In 2010, we felt as though we were at the precipice of something real. History was re-emerging from its long slumber and it was finally possible once again to imagine radical futures, as Nick Srnicek and Alex Williams attempted to do in the briefly influential Inventing the Future. Their book, published in 2015, seemed at the time like the beginning of a newly ambitious Left modernism. We can see now it marked the end of a short chapter. Today, the Left is shattered and poses no serious alternative to liberal, capitalist modernity. That challenge comes from the Right, while the Left is reduced to dragging cultural institutions ever further down the rabbit hole of intersectionality. What a long, strange trip it’s been.


Tobias Phibbs is writer and director of research at the Common Good Foundation


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Jeremy Poynton
Jeremy Poynton
3 years ago

Completely forgotten about it. It changed nothing except to confirm once more that violence is the Left’s default mode of protest. One should note that the fire extinguisher narrowly missed a passer by. Pathetic prats.

Ted Ditchburn
Ted Ditchburn
3 years ago
Reply to  Jeremy Poynton

The whole article speaks intensley to me and my lived experience. I feel the writer is describing a universal political journey virtually all of us go on, and so can deeply empathise with…it’s called growing up.

Jeremy Poynton
Jeremy Poynton
3 years ago
Reply to  Ted Ditchburn

Mate, I grew up way way back. I’m 69 and a contemporary of all the hard left wankers like that prat Corbyn who have done nothing but try to take down the country for 50 years. Politics fixes nothing and usually makes things worse. I guess so many Lefty blokes go into it as they can’t get girlfriends.

Go Away Please
Go Away Please
3 years ago
Reply to  Ted Ditchburn

Luckily, from my point of view, there are other ways of growing up and thus many of us didn’t have to experience what you term a “universal political journey”.

Andrew Lale
Andrew Lale
3 years ago
Reply to  Ted Ditchburn

Universal my arse. Have you ever been outside north London?

Peter Scott
Peter Scott
3 years ago

Old left, new left, red left, blue left – they all miss the point.
For 30 years (indeed arguably since Big Bang in 1986) an alliance has developed, by accretion, between the Big Money people on Earth and the mixed various forces of the Political Left.
‘An ALLIANCE?!!!’ you cry in disbelief.
Yes. Both share paramount objectives in the short and middle terms: mass immigration and unaccountable government.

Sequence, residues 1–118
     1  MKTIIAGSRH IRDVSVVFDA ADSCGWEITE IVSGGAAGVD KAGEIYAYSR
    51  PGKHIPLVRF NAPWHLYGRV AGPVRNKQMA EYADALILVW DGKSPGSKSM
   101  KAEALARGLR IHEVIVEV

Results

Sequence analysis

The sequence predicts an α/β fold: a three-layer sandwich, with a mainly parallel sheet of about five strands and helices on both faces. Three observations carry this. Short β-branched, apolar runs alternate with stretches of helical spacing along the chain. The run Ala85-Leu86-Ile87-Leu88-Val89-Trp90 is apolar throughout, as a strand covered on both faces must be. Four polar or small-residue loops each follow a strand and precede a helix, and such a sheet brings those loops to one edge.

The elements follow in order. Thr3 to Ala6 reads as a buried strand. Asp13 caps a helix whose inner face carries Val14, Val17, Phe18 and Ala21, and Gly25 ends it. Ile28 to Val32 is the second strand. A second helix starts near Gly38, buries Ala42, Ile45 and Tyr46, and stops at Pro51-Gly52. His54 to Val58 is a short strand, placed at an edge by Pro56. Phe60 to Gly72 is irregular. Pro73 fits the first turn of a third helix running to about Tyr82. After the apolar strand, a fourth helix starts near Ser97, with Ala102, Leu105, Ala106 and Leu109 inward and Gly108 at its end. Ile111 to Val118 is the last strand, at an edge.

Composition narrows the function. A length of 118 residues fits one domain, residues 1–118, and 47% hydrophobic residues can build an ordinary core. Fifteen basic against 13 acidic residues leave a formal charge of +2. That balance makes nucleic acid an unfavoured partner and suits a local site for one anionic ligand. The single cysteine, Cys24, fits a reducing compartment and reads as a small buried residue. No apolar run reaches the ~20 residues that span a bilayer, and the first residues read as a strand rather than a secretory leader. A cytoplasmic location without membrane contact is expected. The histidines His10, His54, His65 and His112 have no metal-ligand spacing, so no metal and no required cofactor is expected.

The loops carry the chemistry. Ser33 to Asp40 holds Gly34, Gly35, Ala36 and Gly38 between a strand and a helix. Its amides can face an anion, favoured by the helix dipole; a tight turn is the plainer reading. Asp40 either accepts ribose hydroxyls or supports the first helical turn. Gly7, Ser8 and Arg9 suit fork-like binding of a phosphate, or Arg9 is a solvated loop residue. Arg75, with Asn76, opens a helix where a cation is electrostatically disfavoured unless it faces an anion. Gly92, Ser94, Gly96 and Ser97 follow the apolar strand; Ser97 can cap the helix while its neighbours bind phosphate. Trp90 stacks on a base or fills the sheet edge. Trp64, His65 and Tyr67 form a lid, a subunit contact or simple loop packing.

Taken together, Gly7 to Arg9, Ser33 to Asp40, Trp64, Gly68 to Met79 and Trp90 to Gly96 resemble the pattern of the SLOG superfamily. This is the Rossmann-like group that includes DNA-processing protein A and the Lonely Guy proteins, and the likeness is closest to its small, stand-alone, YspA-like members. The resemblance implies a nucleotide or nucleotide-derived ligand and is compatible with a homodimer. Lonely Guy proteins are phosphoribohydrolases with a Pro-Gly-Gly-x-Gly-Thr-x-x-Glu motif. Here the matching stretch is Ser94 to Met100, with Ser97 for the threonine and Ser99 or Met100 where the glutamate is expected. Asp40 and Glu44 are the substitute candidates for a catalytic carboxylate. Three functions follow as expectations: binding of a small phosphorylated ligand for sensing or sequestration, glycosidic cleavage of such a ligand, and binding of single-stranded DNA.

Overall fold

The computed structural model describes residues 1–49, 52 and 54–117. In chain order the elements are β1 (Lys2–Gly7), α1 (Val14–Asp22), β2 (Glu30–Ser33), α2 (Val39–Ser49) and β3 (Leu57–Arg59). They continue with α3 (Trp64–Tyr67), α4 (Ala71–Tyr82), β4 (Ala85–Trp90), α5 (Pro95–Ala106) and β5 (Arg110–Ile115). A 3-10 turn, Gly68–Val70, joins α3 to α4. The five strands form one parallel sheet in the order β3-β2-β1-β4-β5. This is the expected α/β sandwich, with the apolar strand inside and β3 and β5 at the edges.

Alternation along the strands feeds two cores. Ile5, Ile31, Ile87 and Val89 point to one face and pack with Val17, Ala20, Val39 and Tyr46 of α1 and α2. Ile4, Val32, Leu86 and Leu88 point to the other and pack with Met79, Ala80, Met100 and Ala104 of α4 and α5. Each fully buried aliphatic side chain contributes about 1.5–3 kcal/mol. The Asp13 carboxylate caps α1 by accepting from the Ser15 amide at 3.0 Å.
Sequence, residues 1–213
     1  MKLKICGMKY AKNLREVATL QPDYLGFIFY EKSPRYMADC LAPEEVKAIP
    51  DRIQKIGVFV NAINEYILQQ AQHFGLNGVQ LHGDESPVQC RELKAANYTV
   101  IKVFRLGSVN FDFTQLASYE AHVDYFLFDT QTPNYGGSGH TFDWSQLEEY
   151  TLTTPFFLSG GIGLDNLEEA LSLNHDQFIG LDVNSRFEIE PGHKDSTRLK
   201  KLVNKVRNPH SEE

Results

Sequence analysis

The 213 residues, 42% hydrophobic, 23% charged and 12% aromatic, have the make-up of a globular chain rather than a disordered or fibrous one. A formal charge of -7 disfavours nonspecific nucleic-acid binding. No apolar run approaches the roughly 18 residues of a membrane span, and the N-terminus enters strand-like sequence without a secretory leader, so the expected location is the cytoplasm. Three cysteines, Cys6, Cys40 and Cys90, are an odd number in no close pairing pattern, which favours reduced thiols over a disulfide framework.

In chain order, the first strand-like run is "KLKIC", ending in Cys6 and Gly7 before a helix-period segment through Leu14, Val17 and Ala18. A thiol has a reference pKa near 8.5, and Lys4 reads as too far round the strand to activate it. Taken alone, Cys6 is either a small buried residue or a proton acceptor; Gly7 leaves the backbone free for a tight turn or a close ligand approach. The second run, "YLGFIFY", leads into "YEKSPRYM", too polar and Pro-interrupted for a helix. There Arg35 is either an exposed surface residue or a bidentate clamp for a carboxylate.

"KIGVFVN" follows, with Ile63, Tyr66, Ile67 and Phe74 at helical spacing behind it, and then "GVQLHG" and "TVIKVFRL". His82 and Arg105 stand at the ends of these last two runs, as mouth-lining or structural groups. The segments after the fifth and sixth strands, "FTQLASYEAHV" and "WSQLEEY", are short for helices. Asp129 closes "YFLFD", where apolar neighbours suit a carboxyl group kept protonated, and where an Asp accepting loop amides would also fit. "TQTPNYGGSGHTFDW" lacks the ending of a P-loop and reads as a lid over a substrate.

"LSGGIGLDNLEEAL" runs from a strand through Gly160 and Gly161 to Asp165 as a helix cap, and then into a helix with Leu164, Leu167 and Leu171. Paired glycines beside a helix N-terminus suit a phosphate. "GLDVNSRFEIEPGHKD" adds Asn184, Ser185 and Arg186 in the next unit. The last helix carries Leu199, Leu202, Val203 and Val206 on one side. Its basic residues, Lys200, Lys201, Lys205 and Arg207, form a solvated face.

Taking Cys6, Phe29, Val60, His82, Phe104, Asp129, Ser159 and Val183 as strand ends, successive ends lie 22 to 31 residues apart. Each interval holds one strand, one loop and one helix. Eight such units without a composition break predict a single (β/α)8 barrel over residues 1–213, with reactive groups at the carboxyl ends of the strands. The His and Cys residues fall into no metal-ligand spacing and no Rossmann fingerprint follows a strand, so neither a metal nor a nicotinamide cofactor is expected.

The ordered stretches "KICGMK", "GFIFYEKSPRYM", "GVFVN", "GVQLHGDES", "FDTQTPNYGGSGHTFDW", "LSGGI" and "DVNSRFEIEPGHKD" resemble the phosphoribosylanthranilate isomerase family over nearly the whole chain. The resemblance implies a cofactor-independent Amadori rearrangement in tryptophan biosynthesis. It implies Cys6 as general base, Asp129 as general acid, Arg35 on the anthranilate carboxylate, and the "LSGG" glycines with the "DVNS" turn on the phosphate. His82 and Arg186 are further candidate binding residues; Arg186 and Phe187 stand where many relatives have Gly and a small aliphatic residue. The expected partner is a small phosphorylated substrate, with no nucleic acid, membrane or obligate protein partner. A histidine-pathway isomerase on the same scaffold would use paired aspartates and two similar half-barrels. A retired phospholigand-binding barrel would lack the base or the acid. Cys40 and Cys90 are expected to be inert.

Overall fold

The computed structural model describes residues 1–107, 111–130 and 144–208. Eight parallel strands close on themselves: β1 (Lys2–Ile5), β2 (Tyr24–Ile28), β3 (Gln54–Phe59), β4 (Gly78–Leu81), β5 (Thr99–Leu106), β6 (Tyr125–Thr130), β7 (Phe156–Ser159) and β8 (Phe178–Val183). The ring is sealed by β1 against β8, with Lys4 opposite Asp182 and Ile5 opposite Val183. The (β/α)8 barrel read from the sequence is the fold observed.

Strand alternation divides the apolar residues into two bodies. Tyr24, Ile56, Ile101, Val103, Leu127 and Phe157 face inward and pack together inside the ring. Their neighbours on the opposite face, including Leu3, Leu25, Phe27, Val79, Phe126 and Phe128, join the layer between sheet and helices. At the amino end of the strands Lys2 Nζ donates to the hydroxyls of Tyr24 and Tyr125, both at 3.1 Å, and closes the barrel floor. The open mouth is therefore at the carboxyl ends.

Big Money wants cheap labour and no-one interfering with its levers of social control (e.g. social discourse networks heavily policed to prohibit awkward revelations).
The Political Left desires to see the traditional demographies of the Occident diluted, then overwhelmed by mass importation of Third World people who will (as in parts of Latin America) always vote Far Left, however much successive Marxian kleptocrats keep ruining their countries.
If anyone wants to champion the Common Man and Woman nowadays, they need to see this as the key battleground – the People versus those extremely cynical and self-serving interests.
Populism is now the politics of the true underdogs.

Fraser Bailey
Fraser Bailey
3 years ago
Reply to  Peter Scott

Exactly, and both New Labour in the UK and the Democrats in the US became enthralled with Big Finance and globalisation, utterly betraying their traditional supporters. I have just read the book ‘Listen Liberal’ by Thomas Frank on this subject as it relates to the US.

Biden was the Wall St candidate and he will tack back towards Big Finance and globalisation etc after Trump at least offered some hope and some jobs to the American working class.

Adrian Smith
Adrian Smith
3 years ago
Reply to  Fraser Bailey

Underpinning a lot of the nonsense Trump said and tweeted was quite a lot of good sense. He was on the right track in so many ways, it is a shame he was such an obnoxious git. America will regret not giving him 4 more years, after which he would have had to be replaced one way or another.

Nun Yerbizness
Nun Yerbizness
3 years ago
Reply to  Adrian Smith

“He was on the right track in so many ways…” name one.